To many American beer drinkers in the post-World War II era, the elite beer was a bright, clean, crisp, and golden brew with no haze whatsoever, and drunk at the coldest temperatures. This trend accelerated as Lager beers became omnipresent and since beer was being shipped farther from its point of origin, making filtering important to stabilize the beer and extend its shelf life.
Although ALL beer filtering is done cold, the expression “cold filtering” describes a specific filtering process where the beer is cooled enough so that the protein molecules can clump together and be easily removed from the final product. Many breweries substitute heat pasteurizing with cold filtering. By cold filtering, beer can travel through a filter that effectively eradicates the fine suspended yeast particles and halts fermentation.
The process of cold filtering does not necessarily make a better beer, but rather gives the beer more clarity and typically preserves more beer flavor than heated pasteurization. The time from brewing to having the finished beer is also shortened, thereby boosting productivity. Unfortunately, cold filtering is a touchy process and over filtering can remove components that contribute to the color, flavor, body, and head of the beer.
The definition of pasteurization is simply heating beer to destroy microbes. More specifically in the process of pasteurization the beer is heated up, but only for a few seconds, which is long enough to kill any yeast or bacteria that could change the flavor of the beer.
Most mainstream beers are either cold filtered to remove the yeast and bacteria, or heat pasteurized to kill all yeast and bacteria, so the result of both processes is the same, insuring that there are no organisms left over that could change the flavor of the beer or the finished product. Both generally result in a clear beer.
So if they both do virtually the same thing which one is better to use? Due to the higher cost of conducting heat pasteurization and the more altered beer flavor it tends to produce, most would argue that cold filtering the beer is the better option. The lower cost, clearness of the beer, and less altered flavor that comes from cold filtration recaps again why it is the more superior filtering method.
So, we know both of these produce clear beers, but what is the haze you see in other beers? Any particles that remain suspended in a beer leaving the final product less clear than anticipated is what we refer to as haze. A bulk of beer hazes are caused by proteins and tannins; and the haze begins to appear as these components join together and become big enough to see with the naked eye.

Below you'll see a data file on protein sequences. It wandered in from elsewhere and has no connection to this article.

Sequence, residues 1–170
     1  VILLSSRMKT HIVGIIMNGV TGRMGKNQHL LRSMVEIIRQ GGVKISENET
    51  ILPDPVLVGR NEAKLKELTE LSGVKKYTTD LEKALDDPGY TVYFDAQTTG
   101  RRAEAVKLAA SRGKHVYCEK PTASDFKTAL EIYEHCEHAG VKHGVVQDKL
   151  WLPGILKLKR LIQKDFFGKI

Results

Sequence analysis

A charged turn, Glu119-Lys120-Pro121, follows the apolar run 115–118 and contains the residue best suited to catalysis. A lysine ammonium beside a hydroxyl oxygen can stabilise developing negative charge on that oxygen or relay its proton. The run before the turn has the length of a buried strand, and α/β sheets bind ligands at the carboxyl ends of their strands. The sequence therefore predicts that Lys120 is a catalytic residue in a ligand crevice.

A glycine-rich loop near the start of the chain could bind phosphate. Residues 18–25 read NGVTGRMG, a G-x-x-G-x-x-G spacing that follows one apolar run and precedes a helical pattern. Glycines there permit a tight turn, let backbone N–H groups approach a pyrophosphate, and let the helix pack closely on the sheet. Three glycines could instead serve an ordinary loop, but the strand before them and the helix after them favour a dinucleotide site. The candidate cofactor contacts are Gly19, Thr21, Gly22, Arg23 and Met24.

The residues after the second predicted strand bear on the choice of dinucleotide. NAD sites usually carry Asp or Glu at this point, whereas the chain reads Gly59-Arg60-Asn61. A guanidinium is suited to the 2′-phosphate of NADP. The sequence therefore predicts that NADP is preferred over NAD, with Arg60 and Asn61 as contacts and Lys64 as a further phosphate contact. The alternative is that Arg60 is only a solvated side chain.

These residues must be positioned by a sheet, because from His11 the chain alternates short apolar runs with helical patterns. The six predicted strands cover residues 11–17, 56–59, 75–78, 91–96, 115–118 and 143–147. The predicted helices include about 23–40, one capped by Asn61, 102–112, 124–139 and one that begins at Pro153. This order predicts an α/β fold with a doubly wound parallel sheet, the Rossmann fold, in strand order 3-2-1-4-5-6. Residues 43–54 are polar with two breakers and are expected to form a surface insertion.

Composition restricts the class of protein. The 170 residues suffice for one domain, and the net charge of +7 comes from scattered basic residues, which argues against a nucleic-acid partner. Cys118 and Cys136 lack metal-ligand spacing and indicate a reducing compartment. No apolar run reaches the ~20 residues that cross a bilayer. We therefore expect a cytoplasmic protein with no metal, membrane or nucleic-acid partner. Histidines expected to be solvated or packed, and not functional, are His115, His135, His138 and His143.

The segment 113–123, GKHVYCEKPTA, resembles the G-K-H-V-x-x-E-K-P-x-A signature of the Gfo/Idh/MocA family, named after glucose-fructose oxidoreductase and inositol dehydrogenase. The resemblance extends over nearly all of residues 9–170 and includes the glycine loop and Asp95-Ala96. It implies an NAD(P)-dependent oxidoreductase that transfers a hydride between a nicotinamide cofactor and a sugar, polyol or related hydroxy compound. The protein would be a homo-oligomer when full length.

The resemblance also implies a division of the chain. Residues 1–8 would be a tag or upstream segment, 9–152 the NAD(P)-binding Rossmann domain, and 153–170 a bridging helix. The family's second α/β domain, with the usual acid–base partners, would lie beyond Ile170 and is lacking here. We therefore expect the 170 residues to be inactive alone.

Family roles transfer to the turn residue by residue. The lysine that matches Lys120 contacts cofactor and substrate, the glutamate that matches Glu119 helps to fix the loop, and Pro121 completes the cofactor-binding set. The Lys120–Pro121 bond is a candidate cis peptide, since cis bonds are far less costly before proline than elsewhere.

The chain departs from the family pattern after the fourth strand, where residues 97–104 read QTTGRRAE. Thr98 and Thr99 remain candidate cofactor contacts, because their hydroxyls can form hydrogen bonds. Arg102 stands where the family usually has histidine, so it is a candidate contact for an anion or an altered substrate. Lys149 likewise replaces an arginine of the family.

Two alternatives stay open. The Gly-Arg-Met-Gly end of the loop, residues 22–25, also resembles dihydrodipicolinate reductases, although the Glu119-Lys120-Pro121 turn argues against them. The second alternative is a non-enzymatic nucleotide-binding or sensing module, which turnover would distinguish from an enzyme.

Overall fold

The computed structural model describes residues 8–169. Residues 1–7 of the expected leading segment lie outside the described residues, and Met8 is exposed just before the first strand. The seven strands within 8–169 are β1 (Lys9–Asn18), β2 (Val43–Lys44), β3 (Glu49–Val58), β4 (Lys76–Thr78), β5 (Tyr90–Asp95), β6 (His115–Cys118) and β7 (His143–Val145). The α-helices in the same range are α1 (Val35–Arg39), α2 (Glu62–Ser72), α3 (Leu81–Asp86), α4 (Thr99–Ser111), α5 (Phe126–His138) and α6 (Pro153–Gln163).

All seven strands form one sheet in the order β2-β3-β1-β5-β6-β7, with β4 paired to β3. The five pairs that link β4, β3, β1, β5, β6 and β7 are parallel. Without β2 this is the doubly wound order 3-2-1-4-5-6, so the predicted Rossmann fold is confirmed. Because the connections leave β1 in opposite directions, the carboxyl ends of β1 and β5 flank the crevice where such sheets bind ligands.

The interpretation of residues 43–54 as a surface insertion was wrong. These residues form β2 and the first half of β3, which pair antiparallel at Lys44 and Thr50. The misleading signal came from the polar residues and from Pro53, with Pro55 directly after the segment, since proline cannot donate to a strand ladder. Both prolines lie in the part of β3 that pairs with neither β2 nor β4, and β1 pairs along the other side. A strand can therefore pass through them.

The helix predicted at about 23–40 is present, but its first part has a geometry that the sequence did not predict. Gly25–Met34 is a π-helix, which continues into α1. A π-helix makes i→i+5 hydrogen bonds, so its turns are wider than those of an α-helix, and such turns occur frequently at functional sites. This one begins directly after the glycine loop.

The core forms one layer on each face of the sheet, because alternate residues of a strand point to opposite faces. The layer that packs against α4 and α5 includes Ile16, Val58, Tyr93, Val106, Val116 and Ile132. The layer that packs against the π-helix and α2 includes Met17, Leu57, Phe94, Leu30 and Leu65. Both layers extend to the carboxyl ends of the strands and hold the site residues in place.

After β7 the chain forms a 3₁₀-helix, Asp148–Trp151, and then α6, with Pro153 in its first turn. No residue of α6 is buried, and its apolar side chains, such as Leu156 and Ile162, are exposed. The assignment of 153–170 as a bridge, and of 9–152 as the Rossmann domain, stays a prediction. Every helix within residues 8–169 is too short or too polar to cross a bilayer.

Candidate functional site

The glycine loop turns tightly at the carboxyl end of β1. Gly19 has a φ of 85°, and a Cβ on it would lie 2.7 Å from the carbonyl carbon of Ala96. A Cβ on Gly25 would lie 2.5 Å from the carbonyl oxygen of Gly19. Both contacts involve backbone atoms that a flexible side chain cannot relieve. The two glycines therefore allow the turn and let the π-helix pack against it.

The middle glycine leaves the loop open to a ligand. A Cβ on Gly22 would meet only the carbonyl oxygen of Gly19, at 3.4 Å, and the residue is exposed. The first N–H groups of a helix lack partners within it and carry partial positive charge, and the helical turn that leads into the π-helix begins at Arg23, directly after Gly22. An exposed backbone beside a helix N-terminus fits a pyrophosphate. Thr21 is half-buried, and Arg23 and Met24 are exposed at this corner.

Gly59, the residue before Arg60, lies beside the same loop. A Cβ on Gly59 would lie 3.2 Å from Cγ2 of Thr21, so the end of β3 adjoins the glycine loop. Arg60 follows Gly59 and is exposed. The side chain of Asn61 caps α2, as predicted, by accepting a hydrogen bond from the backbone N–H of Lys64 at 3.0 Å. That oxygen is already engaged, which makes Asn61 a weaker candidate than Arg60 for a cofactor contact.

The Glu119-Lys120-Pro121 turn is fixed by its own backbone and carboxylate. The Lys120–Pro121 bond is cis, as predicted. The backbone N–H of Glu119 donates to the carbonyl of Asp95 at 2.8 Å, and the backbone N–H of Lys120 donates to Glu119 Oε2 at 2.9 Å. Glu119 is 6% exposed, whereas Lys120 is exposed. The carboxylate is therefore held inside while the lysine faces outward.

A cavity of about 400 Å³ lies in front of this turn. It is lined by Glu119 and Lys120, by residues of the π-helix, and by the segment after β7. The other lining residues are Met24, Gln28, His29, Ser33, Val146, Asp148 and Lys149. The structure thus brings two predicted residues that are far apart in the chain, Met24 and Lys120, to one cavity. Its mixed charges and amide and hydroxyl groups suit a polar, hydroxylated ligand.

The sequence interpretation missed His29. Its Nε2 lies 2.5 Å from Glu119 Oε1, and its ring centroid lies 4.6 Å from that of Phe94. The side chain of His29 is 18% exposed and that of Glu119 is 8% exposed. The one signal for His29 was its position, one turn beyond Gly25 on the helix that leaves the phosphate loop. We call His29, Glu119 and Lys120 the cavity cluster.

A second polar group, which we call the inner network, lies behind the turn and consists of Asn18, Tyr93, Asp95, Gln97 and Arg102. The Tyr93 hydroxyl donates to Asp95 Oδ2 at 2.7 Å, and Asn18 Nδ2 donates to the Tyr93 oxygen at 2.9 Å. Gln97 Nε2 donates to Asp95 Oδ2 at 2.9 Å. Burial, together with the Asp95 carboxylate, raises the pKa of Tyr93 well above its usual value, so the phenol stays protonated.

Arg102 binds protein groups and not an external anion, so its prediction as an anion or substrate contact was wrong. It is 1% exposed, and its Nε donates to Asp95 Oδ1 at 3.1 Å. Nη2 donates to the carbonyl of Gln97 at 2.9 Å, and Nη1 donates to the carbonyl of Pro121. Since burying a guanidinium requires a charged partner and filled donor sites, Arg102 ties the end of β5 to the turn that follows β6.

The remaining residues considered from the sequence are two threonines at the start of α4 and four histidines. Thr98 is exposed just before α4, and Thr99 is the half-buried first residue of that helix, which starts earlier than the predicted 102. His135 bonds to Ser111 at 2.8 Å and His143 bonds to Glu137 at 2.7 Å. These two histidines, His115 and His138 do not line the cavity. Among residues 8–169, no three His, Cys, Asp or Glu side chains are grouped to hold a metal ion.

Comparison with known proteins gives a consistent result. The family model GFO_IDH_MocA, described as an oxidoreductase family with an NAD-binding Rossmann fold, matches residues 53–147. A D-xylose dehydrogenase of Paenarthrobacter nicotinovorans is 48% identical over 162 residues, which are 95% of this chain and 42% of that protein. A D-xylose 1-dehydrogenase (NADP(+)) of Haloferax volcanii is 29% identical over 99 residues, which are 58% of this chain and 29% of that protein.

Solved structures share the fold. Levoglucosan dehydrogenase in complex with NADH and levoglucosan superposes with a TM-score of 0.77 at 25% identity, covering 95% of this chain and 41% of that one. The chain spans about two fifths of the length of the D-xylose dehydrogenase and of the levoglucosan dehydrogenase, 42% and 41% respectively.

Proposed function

Beer haze can come in two forms, a biological haze, which is due to living things, or a non-biological haze, which is due to everything else. Filtration is not your answer to any biological or bacterial contamination, instead this is largely due to poor brewing practices. Non-biological hazes on the other hand get subdivided into two categories: chill haze and permanent haze. If a beer is hazy when chilled to 32 degrees Fahrenheit, but clear when warmed to any temperature above that, your beer is said to have a chill haze, but if a beer is hazy at all temperatures it has a permanent haze.
What filtration system or tools do brewers use to get rid of these hazes found in beer? The filter system used by many brewers is purely mechanical and extremely simple. Brewers construct a screen with holes tiny enough to not permit the passage of unwanted particles, but big enough to allow the liquid to still flow through. Filtering billions of microscopic particles from beer also requires pressure, CO2 pressure to be more specific. The CO2 pressure forces the beer through the filter material, and is a must when it comes to filtering. You may hear some filters being called micron filters, which defines it by the average particle size that can filter through it, with its size listed in microns.
How filtering works is that beer enters an inlet, passes through some filter material, and exits out of an outlet. This process makes filter material an integral part of the filter housing or filter cartridge. Filters used for beer are used exactly the same as filters sold for household drinking water.
Both cold filtering and pasteurizing a beer filters out unwanted parts in one way or another, but there is another form of beer that completely differs, unfiltered beer. Unfiltered beer is the natural state of beer, and remains consistent with what craft beer is and should be. It still contains all the yeast cells and protein polyphenol aggregations that make the beer cloudy.
If you're interested in trying different types of beer, including cold filtered ones, check out our Beer of the Month Club!